in Politics

Since the election was called I’ve been agonising over which way I should vote. While quitting a party has lots of upsides, it’s actually hard work being a floating voter, especially when we insist on using an atrocious electoral system like first-past-the-post1. I’ve found myself flitting between parties and candidates. A week away from the election, I’m still no nearer a decision.

Battersea is spoilt for choice with candidates this time, with the usual selection of Conservative, Labour and Liberal Democrat joined by Green, UKIP, Socialist and a pro-Remain independent.

Arguably first-past-the-post makes the choice of vote easier, since there’s little prospect, based on the 2015 result, of anyone but Conservatives or Labour winning. Indeed, based on the 2015 result it’s easy to assume it’s a Conservative hold.

Until, that is, the publication of the YouGov election model yesterday and listed Battersea as ‘leaning Labour’. Their model had Labour estimated to get 43% (with a 95% confidence interval of 36-51%) and the Conservatives estimated on 41% (with an interval of 34-47%). It struck me as unlikely, to say the least.

However, it did make question if there was any chance it might be right. I could certainly point to anecdotal evidence it might not be totally outlandish. My own experience (admittedly getting older) was that while the response to the Conservatives on the door was still warm, it never felt quite as effusive as it once did. It was certainly my experience at the time and from observation and gossip since that the local party machinery of the Conservatives—historically quite formidable—was a shadow of its former self and unable to compete with a youthful and energetic Labour party.

The mountain to climb…

The evidence of 2015 was, however, that local campaigns don’t necessary win elections. It was commonly accepted that the Labour party outclassed and outgunned the Conservatives on everything. Everything, that is, except votes in the ballot box. Jane Ellison held the seat with over half the votes cast, 52.4% against Labour’s Will Martindale on 36.8%. For Labour to overturn that it would require a swing of 7.8%.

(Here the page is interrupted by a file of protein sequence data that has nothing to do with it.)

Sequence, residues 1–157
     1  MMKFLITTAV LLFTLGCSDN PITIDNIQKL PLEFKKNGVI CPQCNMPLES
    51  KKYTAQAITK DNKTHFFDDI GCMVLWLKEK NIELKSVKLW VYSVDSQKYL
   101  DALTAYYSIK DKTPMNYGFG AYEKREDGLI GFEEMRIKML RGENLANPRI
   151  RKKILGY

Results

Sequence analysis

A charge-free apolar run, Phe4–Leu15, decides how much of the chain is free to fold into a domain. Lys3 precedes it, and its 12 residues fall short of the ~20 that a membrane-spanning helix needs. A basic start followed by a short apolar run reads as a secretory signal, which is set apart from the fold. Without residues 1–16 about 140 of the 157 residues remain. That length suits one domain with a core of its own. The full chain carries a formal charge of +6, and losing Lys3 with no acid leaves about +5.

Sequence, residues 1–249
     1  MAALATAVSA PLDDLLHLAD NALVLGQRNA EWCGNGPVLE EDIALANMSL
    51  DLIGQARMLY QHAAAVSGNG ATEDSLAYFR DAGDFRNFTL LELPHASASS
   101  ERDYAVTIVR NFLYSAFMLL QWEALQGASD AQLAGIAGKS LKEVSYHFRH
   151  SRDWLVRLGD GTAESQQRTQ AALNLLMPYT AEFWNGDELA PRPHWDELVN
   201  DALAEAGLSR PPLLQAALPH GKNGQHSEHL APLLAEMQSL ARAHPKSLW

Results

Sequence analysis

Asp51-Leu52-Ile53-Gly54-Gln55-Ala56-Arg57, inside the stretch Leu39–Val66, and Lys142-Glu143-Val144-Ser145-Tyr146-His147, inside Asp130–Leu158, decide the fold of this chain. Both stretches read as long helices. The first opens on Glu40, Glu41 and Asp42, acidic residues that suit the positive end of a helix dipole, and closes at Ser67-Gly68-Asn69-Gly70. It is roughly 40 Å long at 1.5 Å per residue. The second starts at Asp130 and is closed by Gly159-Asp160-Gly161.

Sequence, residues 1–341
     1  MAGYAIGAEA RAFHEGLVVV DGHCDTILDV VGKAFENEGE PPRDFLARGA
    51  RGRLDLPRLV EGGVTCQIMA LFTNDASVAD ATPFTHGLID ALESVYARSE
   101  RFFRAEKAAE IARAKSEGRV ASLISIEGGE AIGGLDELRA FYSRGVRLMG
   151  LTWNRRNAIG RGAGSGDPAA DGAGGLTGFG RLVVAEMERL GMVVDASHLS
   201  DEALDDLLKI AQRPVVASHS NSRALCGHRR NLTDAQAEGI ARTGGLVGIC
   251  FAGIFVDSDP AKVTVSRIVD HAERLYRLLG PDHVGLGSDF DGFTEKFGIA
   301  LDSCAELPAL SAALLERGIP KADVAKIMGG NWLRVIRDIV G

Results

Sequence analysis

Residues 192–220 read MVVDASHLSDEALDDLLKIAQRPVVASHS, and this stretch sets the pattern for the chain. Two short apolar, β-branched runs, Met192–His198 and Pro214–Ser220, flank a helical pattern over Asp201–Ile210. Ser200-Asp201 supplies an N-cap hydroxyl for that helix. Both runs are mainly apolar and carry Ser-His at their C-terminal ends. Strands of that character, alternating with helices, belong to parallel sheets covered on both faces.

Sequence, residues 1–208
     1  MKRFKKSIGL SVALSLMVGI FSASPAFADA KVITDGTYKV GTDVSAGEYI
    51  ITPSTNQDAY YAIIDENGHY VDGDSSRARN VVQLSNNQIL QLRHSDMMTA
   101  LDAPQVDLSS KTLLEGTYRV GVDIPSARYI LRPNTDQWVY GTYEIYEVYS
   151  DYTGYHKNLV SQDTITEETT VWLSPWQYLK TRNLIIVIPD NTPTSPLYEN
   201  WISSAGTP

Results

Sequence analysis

The only published poll for Battersea, commissioned by the independent candidate, had the Conservatives on 46% and Labour on 38%. The poll was conducted before the recent shift towards Labour in national polling, but still showed Labour some way off the pace.

The YouGov model has a swing towards Labour in its national model, but only 3.5% 1.75%.2 That is arguably suspect, since it goes against the consensus of all the polls published thus far. And it’s hard to see where the other 4% 6% or so of swing is coming from, even if you accept YouGov’s close result.

…and how it could be scaled

A few factors? Labour’s campaigning is getting stronger while the Conservatives are getting weaker. It’s hard to see how this would be reflecting in polls, though, since campaigns are far more about getting people out to vote than changing hearts and minds on the doorstep. You certainly wouldn’t expect this to be a factor in YouGov’s model.

The London bubble, in which Labour somehow seem unaffected by the national unpopularity of Jeremy Corbyn (and perhaps buoyed by the regional popularity of Sadiq Khan, the Mayor of London) may be adding a little to Labour total.

The continued Lib Dem collapse may be playing a part. There were about 5,000 Lib Dem votes ‘lost’ between the 2010 and 2015 election. Again, it’s possible these voters may now be flocking to Labour having abstained or flirted with the Tories.

These may individually get a challenging Labour party a little closer, but the biggest gains, surely would have to come from the EU referendum referendum.

Remain, however, has to be the biggest factor in play. Battersea is a young, international constituency. Wandsworth had one of the biggest remain votes in the country and while constituency results were not declared there was some academic and polling evidence suggesting Battersea was the most pro-remain constituency in the borough. Given that Jane Ellison has long been an ardent pro-European there was understandable disappointment when she failed to represent her constituents and her own beliefs and still voted to trigger article 50.

Can Labour win?

Possibly, but then it’s a theoretical possibility that any candidate could win. Would I share YouGov’s projection? Probably not. They might get a few bits and pieces from some factors, and will probably get a good chunk because of the remain factor (something they are clearly pushing for in their literature). There are definitely many who are angry with Jane Ellison for, as they perceive it, putting her ministerial career before her principals and the national interest. My sense, though, is that many of those would not have been voting Conservative in any case.

So, possible? Yes. But likely, even in YouGov’s nuanced language of ‘leaning’? Probably not: so many things have to stack up it would have to be an outlier.

And my vote? I’m still stuck.

  1. Yes, I once was a supporter of first-past-the-post, but people change and I’m older and wiser.
  2. By my reckoning, I’m only using the very simplistic Butler swing model and not factoring in the potential effects of the smaller parties or independent candidate. I also got this wrong in my initial post, meaning there’s an even bigger mountain for Labour to climb.

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